Wednesday February 1, 2017
Community fruit trees stolen By Emma McAuliffe
Ngaturi Park after the trees went missing. PHOTO: Josh Briggs Facebook
ing the trees had been taken. “They had been untouched since then except for people maintaining them. They had been growing really well and had really taken to the soil,” he said. Mr Briggs posted his findings to Facebook on Tuesday morning after being told about the theft. Within minutes people responded with their anger and disappointment the trees had been taken, calling it “annoying” and disrespectful. Mr Briggs said if people knew anything about the missing trees they could contact him. “If people are interested in planting fruit trees in the future they can also contact me. I don’t want this event to put a dampener on our community,” he said.
Locals have been left disappointed after fruit trees at Ngaturi Park were stolen recently. Hutt City Councillor for the Wainuiomata Ward, Josh Briggs, said he discovered on Tuesday morning that fruit trees planted as part of a community health initiative had been taken. The trees had been donated to the Common Unity Project who, with the Hutt City Council, formed the Ngahere Kai initiative to create community gardens across Lower Hutt. Local volunteers planted the trees on Father’s Day last September for the community garden. Mr Briggs said it was disappoint-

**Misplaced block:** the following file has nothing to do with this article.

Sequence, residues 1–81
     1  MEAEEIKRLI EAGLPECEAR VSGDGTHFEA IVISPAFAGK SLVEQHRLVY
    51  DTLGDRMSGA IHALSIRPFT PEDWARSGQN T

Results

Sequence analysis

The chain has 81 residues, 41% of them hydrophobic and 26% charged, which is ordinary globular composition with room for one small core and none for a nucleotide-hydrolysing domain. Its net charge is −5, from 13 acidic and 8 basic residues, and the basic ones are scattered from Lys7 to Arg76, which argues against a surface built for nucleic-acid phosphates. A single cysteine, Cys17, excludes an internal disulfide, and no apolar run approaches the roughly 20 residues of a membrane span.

B4 school checks getting kids ready for school Locals are being encouraged to make sure their children are having their B4 school checks. Introduced in 2008, the B4 School Check is the final core Well Child/ Tamariki Ora check. Checks are provided through a range of community health services and include hearing, eyesight, height, weight, oral health assessments, and comprehensive health and development questionnaires. Parents were encouraged to have their child get the B4 School Check as close to their fourth birthday as possible, to give families time to work with any additional support services
they might need, for example immunisations that protect children against measles and other diseases that can spread at school. The most common issues identified in the check are vision and hearing difficulties. In 2015-16, 2874 children were identified with a possible hearing loss and referred for treatment or further assessment. Health Minister Jonathan Coleman said more parents were sending their children to school for the first time this week knowing their B4 School Check has picked up any potential health or development needs at an early stage.
“The B4 School Checks help to give children the best start at school by identifying and addressing any health or development problems in time to connect them with the appropriate support services,” Dr Coleman said. “All families are encouraged to participate in the free health check. B4 School Check providers are working with other services such as early childhood education, and focusing on hard to reach communities to encourage uptake.” To find out where your child can get the B4 school check done in Lower Hutt and Wainuiomata head to www. health.govt.nz/.
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Wainuiomata News 01-02-17